O Panneerselvam is much more than a puppet CM. Why does he always step down?

O Panneerselvam is much more than a puppet CM. Why does he always step down?

For the third time, Panneerselvam stepped down as the CM paving way for late Jayalalithaa's long-time aide and party general secretary VK Sasikala

On December 6, 2016, a sobbing O Panneerselvam took over as the Chief Minister of Tamil Nadu in a rush soon after J Jayalalithaa’s death after a two-month illness was announced. This was the third time he took over as the chief of the state. However, just like the previous two times, this time too, he was just treated as a caretaker of the top post.

On Sunday, for the third time, he stepped down from his post, this time paving way for late Jayalalithaa’s long-time aide and party general secretary VK Sasikala to take over as the CM. Announcing his resignation, Panneerselvam said that the AIADMK Legislature Party has elected Sasikala as the leader of the Legislature Party.

Panneerselvam was an ardent follower of Jayalalithaa. During the times he took over as the CM in her absence, he did not even sit on the CM chair, and instead sat in a seat next to that. There used to be two pictures of the late leader in the CM office. One on the table and the other closely shelved in Panneerselvam’s pocket. He even looked at that picture and cried inconsolably while taking oath after Jayalalithaa’s death.

Panneerselvam

File photo of Panneerselvam

His tenure as the CM gained him followers for his style of working. He gained accolades for transforming the image of the CM office as accessible, something which could never be thought of in the past. Top bureaucrats and political observers started feeling that for the first time, the state administration was working diligently and decisions were being taken swiftly and that too based on consensus.

Since the time he took over, he had been fighting an internal rebellion inside the party with some members vehemently supporting Sasikala as the CM instead of him. There were voices that since Sasikala had shielded Jayalalithaa and been her closest confidant for over the years, no one else but her should be the one to lead the party and the state and be the late leader’s replacement.

The two major issues that Panneerselvam had to face while serving as the CM were Cyclone Vardah and Jalikattu. Though Cyclone Vardah took place when he was just filling in for Jayalalithaa while she was bedridden in Apollo hospital in Chennai. Nevertheless, he tackled the calamity head on and took decisions and monitored the situation closely throughout.

The Jalikattu protests brought the people of Tamil Nadu on the streets. Lakhs of people had gathered at the Marina beach where people demanded the ban on the bull-taming festival to be lifted. The then CM also met Prime Minister Narendra Modi seeking intervention in the matter.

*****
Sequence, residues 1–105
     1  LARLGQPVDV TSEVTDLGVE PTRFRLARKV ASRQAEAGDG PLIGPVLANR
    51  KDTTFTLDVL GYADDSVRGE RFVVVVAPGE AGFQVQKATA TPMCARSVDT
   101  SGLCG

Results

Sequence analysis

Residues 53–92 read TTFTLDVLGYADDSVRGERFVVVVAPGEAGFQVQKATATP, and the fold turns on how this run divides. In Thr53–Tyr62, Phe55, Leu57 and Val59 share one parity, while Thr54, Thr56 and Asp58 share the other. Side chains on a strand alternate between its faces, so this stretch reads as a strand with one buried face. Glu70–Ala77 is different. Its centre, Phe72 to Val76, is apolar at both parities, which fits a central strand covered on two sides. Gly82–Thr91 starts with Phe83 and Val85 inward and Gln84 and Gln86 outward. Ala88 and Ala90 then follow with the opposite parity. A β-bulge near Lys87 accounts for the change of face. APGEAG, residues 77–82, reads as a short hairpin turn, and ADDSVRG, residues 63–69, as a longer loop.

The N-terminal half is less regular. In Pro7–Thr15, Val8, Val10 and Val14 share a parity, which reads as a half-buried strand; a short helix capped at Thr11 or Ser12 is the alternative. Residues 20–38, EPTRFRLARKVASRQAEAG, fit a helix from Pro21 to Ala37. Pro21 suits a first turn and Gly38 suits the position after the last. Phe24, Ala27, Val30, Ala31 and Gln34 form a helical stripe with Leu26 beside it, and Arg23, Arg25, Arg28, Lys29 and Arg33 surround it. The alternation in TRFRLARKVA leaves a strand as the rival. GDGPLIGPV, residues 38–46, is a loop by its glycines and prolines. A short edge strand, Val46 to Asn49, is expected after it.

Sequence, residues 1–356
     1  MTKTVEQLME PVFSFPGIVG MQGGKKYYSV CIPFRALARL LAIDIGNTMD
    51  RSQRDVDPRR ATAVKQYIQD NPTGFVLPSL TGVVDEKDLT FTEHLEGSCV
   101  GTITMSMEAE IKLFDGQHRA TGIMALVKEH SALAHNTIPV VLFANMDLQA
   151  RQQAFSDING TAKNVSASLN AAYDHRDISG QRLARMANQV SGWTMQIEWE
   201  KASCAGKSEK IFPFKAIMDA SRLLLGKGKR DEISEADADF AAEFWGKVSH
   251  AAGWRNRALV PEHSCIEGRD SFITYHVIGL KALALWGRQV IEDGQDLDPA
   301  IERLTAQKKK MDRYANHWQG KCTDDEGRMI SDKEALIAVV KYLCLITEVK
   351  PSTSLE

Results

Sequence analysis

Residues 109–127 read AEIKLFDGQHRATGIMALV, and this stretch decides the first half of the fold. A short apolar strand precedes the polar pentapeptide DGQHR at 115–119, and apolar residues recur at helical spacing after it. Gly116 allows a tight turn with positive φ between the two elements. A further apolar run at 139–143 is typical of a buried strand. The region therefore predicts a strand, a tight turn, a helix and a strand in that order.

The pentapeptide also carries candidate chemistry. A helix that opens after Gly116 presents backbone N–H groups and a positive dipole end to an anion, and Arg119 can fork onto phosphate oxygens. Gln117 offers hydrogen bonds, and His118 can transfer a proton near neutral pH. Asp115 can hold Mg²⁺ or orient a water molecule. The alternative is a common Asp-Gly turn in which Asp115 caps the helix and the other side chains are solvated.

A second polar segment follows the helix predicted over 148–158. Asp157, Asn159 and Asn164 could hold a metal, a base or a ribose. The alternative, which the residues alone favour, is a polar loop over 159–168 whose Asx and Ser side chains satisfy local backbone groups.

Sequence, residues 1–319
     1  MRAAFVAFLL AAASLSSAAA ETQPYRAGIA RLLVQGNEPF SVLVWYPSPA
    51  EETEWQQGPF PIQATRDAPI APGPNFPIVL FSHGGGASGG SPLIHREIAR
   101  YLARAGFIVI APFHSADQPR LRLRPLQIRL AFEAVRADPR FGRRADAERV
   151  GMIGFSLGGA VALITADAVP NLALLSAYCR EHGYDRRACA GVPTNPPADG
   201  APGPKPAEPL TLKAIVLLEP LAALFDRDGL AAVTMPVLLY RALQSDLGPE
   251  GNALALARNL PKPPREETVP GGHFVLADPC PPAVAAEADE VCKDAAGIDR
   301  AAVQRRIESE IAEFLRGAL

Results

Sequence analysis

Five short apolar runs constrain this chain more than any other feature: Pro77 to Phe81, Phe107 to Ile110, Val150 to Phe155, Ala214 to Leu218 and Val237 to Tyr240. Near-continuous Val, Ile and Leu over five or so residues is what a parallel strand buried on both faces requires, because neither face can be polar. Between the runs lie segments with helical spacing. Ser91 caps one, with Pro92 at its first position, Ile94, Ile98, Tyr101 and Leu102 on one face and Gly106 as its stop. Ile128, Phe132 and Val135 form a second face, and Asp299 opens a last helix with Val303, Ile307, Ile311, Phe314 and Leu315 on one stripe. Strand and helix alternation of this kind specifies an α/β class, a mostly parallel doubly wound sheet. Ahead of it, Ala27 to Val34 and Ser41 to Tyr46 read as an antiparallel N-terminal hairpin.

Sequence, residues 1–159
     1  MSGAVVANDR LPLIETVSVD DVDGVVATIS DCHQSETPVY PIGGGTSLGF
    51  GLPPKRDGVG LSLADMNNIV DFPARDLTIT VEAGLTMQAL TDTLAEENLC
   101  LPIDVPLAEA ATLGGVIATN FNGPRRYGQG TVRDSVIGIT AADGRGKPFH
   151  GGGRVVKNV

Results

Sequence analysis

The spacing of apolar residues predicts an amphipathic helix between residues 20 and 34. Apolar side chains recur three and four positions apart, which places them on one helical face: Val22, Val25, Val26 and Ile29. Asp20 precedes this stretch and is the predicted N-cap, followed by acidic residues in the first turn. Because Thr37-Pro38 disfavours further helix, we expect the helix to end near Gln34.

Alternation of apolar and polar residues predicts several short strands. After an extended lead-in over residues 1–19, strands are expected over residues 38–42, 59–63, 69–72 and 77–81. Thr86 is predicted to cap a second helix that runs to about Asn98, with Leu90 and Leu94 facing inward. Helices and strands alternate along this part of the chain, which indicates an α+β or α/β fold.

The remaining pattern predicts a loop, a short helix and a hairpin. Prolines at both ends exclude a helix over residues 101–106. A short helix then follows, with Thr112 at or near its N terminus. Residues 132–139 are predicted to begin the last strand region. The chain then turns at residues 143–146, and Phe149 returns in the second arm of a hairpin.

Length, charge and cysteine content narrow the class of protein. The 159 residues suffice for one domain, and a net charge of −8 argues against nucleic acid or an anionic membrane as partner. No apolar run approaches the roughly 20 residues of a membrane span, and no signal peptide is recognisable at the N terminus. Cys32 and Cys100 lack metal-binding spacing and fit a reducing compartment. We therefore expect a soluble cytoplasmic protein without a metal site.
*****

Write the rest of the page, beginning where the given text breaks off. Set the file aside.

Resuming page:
He had also been trying to draw the Central government’s attention towards the drought situation in the state. He stated that Tamil Nadu experienced a 62 per cent deficient northeast monsoon, which was followed by the 20 per cent deficiency in southwest monsoon. In January 2017, he had urged the Centre to sanction Rs 39,565 crore from the National Disaster Response Fund towards mitigation measures in the state. He even sought an immediate relief of Rs 1,000 crore to deal with the challenge.

Apart from the following of the party in the state, Panneerselvam himself has a huge fan base. Born into the Maravar caste – a sub-caste of Thevars – he is portrayed as one who symbolises the prominence of the community.

Despite his applaudable work, exactly two months after Jayalalithaa’s death, AIADMK MLAs ‘unanimously’ elected Sasikala as the leader of the Legislature Party. And yet again, Panneerselvam tendered his resignation as the CM. Quelling rumours that Panneerselvam was forced to quit, Sasikala defended herself in a statement saying: “After Amma’s death, it was Panneerselvam who insisted that I take over as party general secretary. Panneerselvam was also the first person to insist that I should be Chief Minister.”

Meanwhile, as Sasikala prepares to take over as the CM, she will have to face a Supreme Court verdict next week in a disproportionate assets case against her. She also needs to win an election and become a part of the state assembly within six months. But if she is convicted in the case against her or if she fails to win the election, will Panneerselvam yet again take up the role of filling in the CM’s seat till the actual position holder takes over?

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